Sunday Morning Comin’ Down

Me and Bobby McGee 8-Track Tape by Kris Kristofferson

Sunday Morning Comin’ Down was written by Kris Kristofferson and released in 1969, first by Ray Stevens, and then Johnny Cash, whose version reached number 1 on the Billboard Hot Country Singles.

Kristofferson attended Pomona College where he received a BA in literature. He is a Rhodes Scholar and earned an MA from Merton College at Oxford in English Literature in 1960.

Discussing the song, Kristofferson said it, “opened up a whole lot of doors for me. So many people that I admired, admired it. Actually, it was the song that allowed me to quit working for a living.”

My parents had an eight-track tape  of Kris Kristofferson with both Sunday Morning Comin’ Down and Me and Bobby McGee. My father purchased it after he and mom were enchanted by Janis Joplin’s cover of the latter.

I’m not going to pontificate on the pain the song brings to life. I’m not going to even discuss how it makes me feel. Instead here are the lyrics and a link to a live recording of the song by the author.

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Sunday Morning Comin’ Down

Well, I woke up Sunday morning
With no way to hold my head that didn’t hurt.
And the beer I had for breakfast wasn’t bad,
So I had one more for dessert.
Then I fumbled in my closet through my clothes
And found my cleanest dirty shirt.
Then I washed my face and combed my hair
And stumbled down the stairs to meet the day.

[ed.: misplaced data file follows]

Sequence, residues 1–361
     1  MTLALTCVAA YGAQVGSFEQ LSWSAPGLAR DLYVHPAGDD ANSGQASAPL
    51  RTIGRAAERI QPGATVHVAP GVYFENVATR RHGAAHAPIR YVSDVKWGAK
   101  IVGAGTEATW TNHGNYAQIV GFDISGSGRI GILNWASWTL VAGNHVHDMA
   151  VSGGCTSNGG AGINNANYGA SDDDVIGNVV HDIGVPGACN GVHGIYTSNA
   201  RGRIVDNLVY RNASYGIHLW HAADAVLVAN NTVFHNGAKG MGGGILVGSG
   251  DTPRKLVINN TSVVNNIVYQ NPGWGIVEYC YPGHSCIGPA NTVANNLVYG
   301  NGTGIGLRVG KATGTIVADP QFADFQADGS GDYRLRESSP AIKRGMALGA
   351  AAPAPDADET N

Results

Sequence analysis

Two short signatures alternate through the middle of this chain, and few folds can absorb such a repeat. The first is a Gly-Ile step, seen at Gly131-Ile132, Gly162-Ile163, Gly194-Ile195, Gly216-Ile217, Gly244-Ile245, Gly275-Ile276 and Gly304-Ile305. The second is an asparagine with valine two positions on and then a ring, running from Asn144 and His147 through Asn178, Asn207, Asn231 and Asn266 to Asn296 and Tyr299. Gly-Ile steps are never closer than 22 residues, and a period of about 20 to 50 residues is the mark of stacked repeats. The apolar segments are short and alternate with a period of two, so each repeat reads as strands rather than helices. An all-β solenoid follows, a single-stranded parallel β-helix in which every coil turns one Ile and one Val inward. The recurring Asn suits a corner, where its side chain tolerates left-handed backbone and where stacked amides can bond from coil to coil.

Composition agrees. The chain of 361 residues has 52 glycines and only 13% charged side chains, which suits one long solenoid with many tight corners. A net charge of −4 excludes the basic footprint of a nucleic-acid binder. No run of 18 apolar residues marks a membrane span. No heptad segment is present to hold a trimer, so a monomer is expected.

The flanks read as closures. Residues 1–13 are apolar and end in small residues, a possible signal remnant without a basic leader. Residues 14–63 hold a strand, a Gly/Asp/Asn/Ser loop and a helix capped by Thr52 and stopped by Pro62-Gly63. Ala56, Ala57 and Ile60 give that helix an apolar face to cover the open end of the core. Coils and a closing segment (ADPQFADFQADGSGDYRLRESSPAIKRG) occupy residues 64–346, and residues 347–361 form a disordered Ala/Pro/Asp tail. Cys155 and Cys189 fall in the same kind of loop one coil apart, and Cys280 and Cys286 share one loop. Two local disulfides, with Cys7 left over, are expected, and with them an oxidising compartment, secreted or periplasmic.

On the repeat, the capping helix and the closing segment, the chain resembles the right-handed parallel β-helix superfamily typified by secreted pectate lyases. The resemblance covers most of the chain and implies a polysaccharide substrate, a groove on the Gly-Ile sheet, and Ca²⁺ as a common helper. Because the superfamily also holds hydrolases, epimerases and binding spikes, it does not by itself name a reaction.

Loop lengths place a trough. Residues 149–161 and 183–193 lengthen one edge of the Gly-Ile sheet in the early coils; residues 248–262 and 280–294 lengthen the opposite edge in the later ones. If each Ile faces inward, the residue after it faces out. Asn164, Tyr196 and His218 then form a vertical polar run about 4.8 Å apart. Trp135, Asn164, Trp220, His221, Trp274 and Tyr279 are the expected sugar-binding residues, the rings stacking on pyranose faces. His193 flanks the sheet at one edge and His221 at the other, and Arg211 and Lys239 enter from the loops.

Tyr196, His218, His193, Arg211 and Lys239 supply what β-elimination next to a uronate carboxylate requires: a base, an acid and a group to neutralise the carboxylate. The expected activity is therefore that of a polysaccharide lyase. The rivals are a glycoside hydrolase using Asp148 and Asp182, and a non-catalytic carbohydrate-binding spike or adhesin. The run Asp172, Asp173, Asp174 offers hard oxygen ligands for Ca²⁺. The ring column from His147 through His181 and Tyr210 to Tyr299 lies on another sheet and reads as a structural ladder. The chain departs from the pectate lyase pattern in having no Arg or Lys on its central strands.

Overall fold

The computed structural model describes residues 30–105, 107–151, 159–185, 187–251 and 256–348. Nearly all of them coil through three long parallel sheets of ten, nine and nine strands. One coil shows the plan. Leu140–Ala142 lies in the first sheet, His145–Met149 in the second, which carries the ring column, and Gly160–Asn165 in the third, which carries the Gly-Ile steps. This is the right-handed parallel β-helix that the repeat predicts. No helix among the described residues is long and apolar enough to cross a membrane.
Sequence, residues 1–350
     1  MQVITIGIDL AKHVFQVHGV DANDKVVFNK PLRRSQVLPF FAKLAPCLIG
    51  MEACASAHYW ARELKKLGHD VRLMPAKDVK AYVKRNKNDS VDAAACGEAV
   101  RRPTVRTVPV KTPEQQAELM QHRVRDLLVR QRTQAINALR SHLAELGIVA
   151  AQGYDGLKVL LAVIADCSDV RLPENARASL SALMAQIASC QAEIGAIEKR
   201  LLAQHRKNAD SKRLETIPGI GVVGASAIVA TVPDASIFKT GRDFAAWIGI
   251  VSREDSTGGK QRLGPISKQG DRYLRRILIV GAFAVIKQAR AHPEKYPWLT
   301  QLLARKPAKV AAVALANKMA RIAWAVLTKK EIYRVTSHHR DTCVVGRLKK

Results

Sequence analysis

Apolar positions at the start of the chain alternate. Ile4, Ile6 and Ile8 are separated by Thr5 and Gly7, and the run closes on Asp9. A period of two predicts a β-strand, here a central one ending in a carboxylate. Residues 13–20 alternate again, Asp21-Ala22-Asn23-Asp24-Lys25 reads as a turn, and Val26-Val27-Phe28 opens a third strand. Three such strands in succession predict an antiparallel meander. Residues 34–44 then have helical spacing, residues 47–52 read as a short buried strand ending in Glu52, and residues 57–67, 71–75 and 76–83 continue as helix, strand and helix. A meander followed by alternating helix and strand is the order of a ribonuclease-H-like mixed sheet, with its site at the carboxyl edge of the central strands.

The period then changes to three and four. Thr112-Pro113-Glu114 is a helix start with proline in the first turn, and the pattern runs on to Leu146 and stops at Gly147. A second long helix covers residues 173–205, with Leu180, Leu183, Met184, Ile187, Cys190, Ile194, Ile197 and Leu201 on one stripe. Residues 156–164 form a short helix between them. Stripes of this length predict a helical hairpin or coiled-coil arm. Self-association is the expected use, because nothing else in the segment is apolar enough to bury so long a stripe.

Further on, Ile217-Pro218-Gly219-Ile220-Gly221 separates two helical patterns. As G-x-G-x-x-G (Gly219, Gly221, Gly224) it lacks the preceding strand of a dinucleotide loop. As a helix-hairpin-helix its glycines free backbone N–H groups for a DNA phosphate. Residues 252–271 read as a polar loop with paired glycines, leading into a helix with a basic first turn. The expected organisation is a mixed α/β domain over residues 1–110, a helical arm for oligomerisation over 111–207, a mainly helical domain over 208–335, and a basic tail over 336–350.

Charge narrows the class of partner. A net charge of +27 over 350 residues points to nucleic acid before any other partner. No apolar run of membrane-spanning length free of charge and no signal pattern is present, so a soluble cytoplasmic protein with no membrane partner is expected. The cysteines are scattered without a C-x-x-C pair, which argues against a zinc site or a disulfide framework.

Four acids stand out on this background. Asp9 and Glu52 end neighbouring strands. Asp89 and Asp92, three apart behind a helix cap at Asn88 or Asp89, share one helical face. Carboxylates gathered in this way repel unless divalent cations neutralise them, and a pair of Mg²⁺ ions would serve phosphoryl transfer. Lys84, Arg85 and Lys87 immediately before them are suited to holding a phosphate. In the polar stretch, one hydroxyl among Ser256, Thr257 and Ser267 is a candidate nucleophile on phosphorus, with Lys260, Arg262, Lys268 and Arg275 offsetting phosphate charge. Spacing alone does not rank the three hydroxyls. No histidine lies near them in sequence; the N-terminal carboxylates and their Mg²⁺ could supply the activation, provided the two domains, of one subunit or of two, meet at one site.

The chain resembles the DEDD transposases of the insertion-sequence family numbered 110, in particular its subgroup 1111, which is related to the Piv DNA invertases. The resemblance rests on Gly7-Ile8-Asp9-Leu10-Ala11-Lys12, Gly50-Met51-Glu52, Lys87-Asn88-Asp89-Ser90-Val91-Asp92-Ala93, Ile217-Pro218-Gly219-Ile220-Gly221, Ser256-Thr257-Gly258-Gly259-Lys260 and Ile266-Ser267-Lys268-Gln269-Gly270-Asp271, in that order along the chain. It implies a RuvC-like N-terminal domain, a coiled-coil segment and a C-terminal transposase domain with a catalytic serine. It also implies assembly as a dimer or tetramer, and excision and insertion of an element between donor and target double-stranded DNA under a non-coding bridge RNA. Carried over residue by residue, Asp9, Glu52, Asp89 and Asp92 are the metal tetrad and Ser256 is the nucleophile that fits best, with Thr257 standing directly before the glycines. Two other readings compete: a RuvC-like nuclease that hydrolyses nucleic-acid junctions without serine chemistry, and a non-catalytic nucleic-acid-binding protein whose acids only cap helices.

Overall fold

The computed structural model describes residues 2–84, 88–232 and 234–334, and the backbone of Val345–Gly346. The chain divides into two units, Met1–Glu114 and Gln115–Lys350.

I’d smoked my mind the night before
With cigarettes and songs I’d been picking.
But I lit my first and watched a small kid
Playing with a can that he was kicking.
Then I walked across the street
And caught the Sunday smell of someone frying chicken.
And Lord, it took me back to something that I’d lost
Somewhere, somehow along the way.

On a Sunday morning sidewalk,
I’m wishing, Lord, that I was stoned.
‘Cause there’s something in a Sunday
That makes a body feel alone.
And there’s nothing short a’ dying
That’s half as lonesome as the sound
Of the sleeping city sidewalk
And Sunday morning coming down.

In the park I saw a daddy
With a laughing little girl that he was swinging.
And I stopped beside a Sunday school
And listened to the songs they were singing.
Then I headed down the street,
And somewhere far away a lonely bell was ringing,
And it echoed through the canyon
Like the disappearing dreams of yesterday.

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